name: site-artifact # A unique key (and name) for the artifact in question.
        path: public        # This is what we'd like to keep, we want `public` but any file/folder works.

Awesome! Now we have a workflow which builds and saves an artifact, which is actually downloadable from the Github UI.

Testing

Now that the site is being built, let's add a few steps to the test workflow to run some tests. Our input is our source code, our build artifact. We don't return anything, but we do throw an error if any tests fail.

  test:
    name: Test
    needs: build
    runs-on: ubuntu-latest
    steps:

    # Again, we check-out our code.
    # This is needed as we will be executing tests which are outside of the artifact.
    - name: Checkout
      uses: actions/[email protected]

    # Next up, we download the pre-built artifact.
    - name: Download Website Artifact
      uses: actions/download-[email protected]
      with:
        name: site-artifact # We reference the original artifact name.
        path: public        # and instruct that the artifact is restored to the `public` folder.

    # Configure node and reinstall dependencies (each task has a unique workspace!)
    - uses: actions/setup-[email protected]
    - name: Install Dependencies
      run: npm install

    # Finally run our tests. The output can be tweaked so Github Actions better understands it.
    - name: Run Tests
      run: npm test

This can absolutely be done inside the build step to save time — I kept them separate to enable adding end-to-end tests and a few other tools which are irrelevant to the actual build process.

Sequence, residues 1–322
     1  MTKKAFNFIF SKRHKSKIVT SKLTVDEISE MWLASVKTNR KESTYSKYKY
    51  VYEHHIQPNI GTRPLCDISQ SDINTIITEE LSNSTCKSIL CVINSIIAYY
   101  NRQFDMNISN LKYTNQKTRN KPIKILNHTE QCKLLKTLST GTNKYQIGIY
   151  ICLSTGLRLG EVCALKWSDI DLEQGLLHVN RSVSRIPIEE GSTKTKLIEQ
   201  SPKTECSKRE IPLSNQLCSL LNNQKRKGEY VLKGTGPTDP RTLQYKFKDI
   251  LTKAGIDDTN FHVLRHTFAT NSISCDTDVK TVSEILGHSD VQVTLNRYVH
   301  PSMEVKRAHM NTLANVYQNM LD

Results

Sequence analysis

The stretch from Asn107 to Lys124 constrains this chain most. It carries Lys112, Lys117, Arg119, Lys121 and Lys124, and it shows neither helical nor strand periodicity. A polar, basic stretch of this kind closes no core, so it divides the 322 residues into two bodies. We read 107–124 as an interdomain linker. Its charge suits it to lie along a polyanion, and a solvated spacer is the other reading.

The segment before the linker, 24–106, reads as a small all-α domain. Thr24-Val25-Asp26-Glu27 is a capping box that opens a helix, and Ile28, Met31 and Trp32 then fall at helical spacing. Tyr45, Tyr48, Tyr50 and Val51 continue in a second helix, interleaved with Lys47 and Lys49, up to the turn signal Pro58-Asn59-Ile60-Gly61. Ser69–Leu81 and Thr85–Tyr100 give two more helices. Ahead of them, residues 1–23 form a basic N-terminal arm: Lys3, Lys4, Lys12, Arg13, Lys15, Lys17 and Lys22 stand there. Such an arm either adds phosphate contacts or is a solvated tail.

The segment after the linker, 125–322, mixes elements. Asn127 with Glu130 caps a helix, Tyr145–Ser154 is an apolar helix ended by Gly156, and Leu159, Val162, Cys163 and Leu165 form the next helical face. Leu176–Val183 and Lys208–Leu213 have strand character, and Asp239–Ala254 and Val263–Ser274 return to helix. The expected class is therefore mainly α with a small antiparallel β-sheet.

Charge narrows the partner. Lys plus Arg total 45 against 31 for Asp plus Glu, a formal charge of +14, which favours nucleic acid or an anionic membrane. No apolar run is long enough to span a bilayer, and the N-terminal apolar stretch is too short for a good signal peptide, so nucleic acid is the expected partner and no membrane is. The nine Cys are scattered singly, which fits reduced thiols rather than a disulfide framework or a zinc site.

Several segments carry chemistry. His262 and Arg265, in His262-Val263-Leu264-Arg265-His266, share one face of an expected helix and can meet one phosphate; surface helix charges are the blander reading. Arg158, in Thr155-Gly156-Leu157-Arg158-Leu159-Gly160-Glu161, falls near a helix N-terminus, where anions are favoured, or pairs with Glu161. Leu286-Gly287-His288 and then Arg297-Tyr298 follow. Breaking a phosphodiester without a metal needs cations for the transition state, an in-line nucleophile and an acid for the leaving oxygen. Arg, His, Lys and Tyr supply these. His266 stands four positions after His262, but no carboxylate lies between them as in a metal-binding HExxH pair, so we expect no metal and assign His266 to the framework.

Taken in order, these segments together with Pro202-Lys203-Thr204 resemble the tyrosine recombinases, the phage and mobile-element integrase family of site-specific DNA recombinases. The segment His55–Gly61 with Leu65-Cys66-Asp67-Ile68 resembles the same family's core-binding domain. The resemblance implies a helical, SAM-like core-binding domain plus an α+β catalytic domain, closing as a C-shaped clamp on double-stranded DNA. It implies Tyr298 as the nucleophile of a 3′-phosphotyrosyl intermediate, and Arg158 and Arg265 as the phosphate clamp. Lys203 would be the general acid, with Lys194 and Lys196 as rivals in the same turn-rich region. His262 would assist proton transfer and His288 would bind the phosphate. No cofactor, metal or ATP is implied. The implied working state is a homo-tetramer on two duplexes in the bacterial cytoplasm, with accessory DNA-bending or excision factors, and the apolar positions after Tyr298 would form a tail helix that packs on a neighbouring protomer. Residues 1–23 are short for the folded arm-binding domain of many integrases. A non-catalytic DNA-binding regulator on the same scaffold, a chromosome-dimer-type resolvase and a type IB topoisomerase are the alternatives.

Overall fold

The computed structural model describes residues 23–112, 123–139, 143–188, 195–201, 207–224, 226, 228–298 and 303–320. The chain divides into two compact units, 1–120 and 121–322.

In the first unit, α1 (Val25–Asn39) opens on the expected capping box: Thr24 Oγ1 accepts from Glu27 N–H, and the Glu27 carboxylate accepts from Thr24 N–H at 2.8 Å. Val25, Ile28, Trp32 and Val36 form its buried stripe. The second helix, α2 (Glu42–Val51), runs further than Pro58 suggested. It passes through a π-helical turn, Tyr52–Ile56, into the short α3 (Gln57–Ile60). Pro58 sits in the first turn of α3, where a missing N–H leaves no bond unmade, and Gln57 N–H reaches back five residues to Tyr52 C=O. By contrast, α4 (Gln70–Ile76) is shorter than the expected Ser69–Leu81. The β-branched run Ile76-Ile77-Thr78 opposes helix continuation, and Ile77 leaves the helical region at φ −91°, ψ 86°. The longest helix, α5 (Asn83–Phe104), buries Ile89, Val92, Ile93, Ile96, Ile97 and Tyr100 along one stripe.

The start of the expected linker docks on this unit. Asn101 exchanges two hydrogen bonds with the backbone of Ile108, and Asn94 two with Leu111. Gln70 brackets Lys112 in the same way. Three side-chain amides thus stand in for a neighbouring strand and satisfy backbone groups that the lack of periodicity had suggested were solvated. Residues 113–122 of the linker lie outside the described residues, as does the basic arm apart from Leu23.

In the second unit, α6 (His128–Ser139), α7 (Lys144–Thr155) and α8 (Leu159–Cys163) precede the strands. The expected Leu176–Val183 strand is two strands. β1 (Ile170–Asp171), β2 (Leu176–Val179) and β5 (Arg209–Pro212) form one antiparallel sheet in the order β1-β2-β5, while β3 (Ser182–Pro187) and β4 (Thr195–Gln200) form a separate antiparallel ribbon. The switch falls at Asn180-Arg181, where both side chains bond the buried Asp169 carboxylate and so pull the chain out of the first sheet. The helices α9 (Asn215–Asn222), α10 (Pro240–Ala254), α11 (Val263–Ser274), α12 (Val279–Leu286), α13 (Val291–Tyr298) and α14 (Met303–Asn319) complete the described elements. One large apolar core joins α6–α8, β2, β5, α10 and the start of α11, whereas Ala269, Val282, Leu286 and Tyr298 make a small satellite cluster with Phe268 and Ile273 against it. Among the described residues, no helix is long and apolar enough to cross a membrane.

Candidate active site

Deploying

Now that we've built and tested an artifact, we're finally ready to deploy it. This time things are a little bit trickier, and we're going to break out into a custom action.

  # Deploy to Github Pages environment
  deploy-production:
    name: Deploy to Production
    needs: test
    runs-on: ubuntu-latest

    # I've added this extra step, so that this task *only* runs on the master branch.
    # This syntax is quite expressive and allows for much richer conditions.
    if: github.ref == 'refs/heads/master'
    steps:

    # Again we check-out.  This time as we'll be referencing a custom action!
    - name: Checkout
      uses: actions/[email protected]

    # And again, we download the website artifact. This time so we can deploy it!
    - name: Download Website Artifact
      uses: actions/download-[email protected]
      with:
        name: site-artifact
        path: public

    # A custom action!  I'll explain a bit more about this below.
    - name: Deploy to Github Pages
      uses: ./.github/actions/github-pages/
      env:
        GITHUB_TOKEN: ${{ secrets.GITHUB_TOKEN }}
      with:
        args: public

So now let's look at how we can push to the Github Pages branch of this current repository

This operation takes place primarily in Git, and luckily we have enough information available to us to be able to find and push to Github's HTTP Git endpoint. As we're deploying an artifact each time we don't have access to the existing Git history, so let's go ahead and create a new repository and push it every time.

#!/bin/sh
set -e

# Here we take an argument to choose which folder we release.
cd $*

echo "Deploying ${GITHUB_SHA} to GitHub Pages"
REPOSITORY="https://x-access-token:${GITHUB_TOKEN}@github.com/${GITHUB_REPOSITORY}.git"

## Create a new repository and reference this one, with an HTTP token.
git init
git remote add origin $REPOSITORY

## Checkout the gh-pages branch, and reset to the latest version.
git checkout -b gh-pages

## Configure Git to perform the commit as the user who triggered this action.
## If the build wasn't triggered by a human this will be the person who last committed to the branch
git config user.name "${GITHUB_ACTOR}"
git config user.email "${GITHUB_ACTOR}@users.noreply.github.com"

## Finally, add the contents of our script
git add .
git commit -m "Deploying ${GITHUB_SHA} to Github Pages"

## And force push to the gh-pages branch so Github Pages can serve it!
git push --force origin gh-pages:gh-pages
rm -fr .git
cd $GITHUB_WORKSPACE

echo "Successfully deployed."